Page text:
Kyiv's Western allies at odds over sending fighter jets to UkraineComments
The US, Germany, the UK and several Western allies have expressed concern over providing warplanes to Ukraine saying the move could escalate the conflict now in its eleventh month.
However, Kyiv won support on Tuesday from Poland and the Baltic nations in its quest to obtain Western fighter jets.
“Ukraine needs fighter jets ... missiles, tanks. We need to act,” Estonian Foreign Minister Urmas Reinsalu said in the Latvian capital of Riga at a news conference with his Baltic and Polish colleagues.
The UK government, among Kyiv’s staunchest supporters and military suppliers, said sending its fighter jets is “not practical.”
Prime Minister Rishi Sunak’s spokesman, Max Blain, said Tuesday that “the UK's Typhoon and F-35 fighter jets are extremely sophisticated and take months to learn how to fly," although he didn’t say London was opposed to other nations sending planes.
When asked on Monday if his administration was considering sending F-16 fighter jets to Ukraine, US President Joe Biden responded, “No.”
German Chancellor Olaf Scholz has also shut down the subject of providing fighter jets. On Sunday he said the reason for the discussion might be “domestic political motives” in some countries.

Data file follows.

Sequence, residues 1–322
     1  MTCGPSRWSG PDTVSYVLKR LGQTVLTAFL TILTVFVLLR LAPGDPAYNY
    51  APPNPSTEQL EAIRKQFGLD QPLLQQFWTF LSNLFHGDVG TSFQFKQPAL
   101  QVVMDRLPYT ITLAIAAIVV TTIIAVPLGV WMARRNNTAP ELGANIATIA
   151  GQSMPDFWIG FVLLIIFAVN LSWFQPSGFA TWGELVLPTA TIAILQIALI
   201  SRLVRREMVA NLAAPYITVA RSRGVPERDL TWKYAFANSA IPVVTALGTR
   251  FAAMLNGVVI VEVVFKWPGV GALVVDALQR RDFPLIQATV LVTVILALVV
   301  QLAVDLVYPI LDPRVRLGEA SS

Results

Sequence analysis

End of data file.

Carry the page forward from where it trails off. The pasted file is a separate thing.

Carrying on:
France, meanwhile, is sitting on the fence. Defence Minister Sebastien Lecornu, who held talks with his Ukrainian counterpart Oleksii Reznikov in Paris on Tuesday, said there are “no taboos” on sending fighter jets. He also confirmed France is sending 12 more Caesar cannons in the coming weeks.
This follows President Emmanuel Macron's comments on Monday that France hasn't excluded sending fighter jets to Ukraine but would need to set out conditions before such a step.
Conditions to prevent the escalation of tensions or weakening “the capacities of the French army.”
Dutch Prime Minister Mark Rutte also said Monday that there were “no taboos” in efforts to help Ukraine but added that jets “would be a very big next step.”
Kyiv has repeatedly urged allies to send jets, calling them essential to challenging Russia’s air superiority and ensuring the success of future counteroffensives spearheaded by Western tanks.